An unsupported bipedal robot at the University of Michigan can now walk down steep slopes, through a thin layer of snow, and over uneven and unstable ground. The robot’s feedback control algorithms should be able to help other two-legged robots as well as powered prosthetic legs gain similar capabilities.
“The robot has no feeling in her tiny feet, but she senses the angles of her joints-for instance, her knee angles, hip angles, and the rotation angle of her torso,” said Jessy Grizzle, PhD, professor of electrical engineering and computer science and of mechanical engineering.
MARLO is Grizzle’s first robot that can walk (and fall) in any direction, known as 3D walking; the robot was built by his long-term collaborator Jonathan Hurst, PhD, an associate professor of mechanical engineering at Oregon State University.
Xingye (Dennis) Da, a doctoral student in mechanical engineering, developed a way to control the robot with two 2D algorithms. The main controller handles the forward and backward motion and balance, while a second controller handles side-to-side balance. Da created a library of 15 gaits to handle different walking speeds and ground heights. Each gait is optimized for energy efficiency-making the movement as natural as possible-and respects the constraints of the robot. MARLO demonstrated this algorithm in tests walking through snow, down a steep hill, and on randomly stacked plywood squares covered in AstroTurf and scattered with more obstacles. However, this approach works as long as the robot doesn’t have to make quick turns or sideways movements. To achieve true agility, the control algorithm must be more integrated.
Working toward this goal, Brent Griffin, a doctoral student in electrical engineering and computer science, is developing a fully 3D controller. Through computer simulations, Griffin tested the 3D controller against a range of terrain and speed disturbances to ensure reliable walking in varying real-world conditions. MARLO demonstrated this control method by walking over plywood obstacles in the lab and for hundreds of steps outdoors on pavement. The researchers believe that MARLO’s gait using this algorithm is the most efficient yet for a bipedal robot.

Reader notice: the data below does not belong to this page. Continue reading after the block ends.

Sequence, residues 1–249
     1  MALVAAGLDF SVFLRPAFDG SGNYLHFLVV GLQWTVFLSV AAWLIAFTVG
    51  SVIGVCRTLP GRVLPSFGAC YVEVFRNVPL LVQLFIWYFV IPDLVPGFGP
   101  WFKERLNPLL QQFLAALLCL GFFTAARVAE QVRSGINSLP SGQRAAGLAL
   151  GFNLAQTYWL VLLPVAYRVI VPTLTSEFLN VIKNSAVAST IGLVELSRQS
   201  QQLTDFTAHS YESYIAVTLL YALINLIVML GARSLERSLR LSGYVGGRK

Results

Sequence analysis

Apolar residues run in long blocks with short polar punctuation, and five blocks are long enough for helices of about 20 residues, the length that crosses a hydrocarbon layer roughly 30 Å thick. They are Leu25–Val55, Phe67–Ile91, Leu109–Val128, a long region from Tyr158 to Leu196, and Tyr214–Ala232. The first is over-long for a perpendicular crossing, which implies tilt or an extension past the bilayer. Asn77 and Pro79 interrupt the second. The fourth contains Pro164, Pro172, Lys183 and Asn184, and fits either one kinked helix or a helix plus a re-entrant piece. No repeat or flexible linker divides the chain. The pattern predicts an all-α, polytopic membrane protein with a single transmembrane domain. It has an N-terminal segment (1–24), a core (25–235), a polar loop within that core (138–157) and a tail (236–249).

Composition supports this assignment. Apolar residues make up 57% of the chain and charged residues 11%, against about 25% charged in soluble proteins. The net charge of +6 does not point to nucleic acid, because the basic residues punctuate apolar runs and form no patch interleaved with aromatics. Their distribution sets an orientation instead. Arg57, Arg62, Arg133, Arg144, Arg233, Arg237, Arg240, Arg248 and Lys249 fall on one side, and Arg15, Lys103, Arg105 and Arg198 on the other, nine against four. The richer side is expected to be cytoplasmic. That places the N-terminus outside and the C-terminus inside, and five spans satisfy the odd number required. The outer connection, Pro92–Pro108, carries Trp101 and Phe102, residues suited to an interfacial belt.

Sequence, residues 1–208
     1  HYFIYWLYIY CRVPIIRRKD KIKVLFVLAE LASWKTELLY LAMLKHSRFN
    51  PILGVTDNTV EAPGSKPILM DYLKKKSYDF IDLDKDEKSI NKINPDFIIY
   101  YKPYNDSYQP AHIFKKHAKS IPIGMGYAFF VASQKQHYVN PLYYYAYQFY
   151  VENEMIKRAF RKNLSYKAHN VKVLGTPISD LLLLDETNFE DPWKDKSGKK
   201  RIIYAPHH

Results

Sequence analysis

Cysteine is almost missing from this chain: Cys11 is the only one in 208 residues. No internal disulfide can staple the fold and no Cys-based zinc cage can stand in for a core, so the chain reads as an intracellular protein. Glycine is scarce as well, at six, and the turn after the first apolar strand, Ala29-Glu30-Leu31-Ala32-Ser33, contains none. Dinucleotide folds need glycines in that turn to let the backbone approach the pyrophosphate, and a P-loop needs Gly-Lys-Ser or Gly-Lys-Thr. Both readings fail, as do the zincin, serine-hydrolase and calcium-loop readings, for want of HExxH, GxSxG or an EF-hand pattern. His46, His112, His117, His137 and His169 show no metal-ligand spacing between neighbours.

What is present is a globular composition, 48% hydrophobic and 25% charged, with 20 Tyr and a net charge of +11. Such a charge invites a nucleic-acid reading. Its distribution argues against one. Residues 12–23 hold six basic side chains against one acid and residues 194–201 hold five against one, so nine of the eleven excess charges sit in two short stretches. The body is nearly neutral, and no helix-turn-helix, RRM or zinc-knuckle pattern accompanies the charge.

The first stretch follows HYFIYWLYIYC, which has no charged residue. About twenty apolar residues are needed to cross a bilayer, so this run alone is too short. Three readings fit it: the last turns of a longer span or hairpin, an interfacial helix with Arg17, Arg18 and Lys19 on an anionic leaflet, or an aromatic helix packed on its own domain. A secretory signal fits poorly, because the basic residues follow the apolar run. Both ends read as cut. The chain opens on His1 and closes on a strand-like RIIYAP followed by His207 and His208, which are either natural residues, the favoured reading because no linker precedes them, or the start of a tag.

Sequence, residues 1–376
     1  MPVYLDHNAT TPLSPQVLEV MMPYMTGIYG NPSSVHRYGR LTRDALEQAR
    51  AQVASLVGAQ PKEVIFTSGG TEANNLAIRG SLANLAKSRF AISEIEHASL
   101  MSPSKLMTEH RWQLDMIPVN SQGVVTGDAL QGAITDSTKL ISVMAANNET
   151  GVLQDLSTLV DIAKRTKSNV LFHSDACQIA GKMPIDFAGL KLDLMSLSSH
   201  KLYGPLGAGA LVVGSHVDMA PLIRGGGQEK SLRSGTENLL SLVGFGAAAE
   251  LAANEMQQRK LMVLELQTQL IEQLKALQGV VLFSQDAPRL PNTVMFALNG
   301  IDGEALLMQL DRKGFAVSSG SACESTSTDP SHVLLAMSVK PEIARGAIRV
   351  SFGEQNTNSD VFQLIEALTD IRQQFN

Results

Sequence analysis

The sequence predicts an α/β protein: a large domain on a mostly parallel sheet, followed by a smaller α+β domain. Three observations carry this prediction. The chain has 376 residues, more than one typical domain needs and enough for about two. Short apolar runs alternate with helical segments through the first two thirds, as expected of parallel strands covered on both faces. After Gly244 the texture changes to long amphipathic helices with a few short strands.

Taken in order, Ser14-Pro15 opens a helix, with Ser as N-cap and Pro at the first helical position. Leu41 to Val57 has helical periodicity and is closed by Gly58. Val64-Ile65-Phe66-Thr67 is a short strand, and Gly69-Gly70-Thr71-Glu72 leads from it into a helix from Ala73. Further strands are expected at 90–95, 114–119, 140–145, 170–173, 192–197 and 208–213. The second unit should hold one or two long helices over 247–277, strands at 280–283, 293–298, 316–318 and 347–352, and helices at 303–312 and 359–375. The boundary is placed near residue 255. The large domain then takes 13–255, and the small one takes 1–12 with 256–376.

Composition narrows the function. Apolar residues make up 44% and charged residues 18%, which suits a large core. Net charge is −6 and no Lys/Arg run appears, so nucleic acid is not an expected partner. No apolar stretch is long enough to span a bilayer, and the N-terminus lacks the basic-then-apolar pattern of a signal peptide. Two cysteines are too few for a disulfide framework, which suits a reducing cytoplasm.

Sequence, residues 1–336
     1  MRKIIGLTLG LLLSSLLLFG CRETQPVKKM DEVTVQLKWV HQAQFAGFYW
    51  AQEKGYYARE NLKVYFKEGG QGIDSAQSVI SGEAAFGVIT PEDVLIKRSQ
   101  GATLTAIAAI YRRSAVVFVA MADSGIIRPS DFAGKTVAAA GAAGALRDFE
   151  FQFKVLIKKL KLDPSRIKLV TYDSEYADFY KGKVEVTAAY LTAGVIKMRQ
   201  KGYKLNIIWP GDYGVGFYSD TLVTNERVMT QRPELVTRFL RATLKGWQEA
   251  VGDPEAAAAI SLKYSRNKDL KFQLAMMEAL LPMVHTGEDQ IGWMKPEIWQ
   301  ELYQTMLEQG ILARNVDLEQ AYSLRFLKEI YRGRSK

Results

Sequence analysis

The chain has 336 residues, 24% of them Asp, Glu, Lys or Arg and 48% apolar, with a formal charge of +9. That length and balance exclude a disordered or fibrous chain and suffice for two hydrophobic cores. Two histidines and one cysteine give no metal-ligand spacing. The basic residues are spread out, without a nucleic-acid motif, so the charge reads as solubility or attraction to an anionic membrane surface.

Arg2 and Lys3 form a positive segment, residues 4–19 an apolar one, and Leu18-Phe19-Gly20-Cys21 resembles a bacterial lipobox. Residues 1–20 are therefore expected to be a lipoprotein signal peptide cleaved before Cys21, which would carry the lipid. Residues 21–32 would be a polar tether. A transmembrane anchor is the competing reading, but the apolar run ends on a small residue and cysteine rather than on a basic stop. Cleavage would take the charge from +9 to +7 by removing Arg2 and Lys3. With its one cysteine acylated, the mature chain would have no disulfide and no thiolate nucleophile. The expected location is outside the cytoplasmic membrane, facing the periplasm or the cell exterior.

Over the summer, the team plans to merge the two control algorithms into one super-algorithm that can support more agile movements.
“The major product of our research is a recipe for legged locomotion,” said Grizzle, the Elmer G. Gilbert distinguished university professor of engineering and the Jerry W. and Carol L. Levin professor of engineering.
The codes that Grizzle’s team used to make MARLO walk on flat ground serve as the basis for algorithms developed in other labs for different kinds of robots. Robert Gregg, PhD, an assistant professor of mechanical engineering and bioengineering at the University of Texas at Dallas, adapted the algorithm to control a prosthetic lower leg. When a person with an amputation tried out Gregg’s robotic prosthetic leg on a treadmill, he was able to walk naturally.
“The ability of MARLO to gracefully navigate uneven terrains is very exciting for my work in prosthetics,” Gregg said. “We hope to encode similar abilities into our robotic prosthetic leg so that lower-limb amputees can just as easily walk about the community without having to think about the terrain.”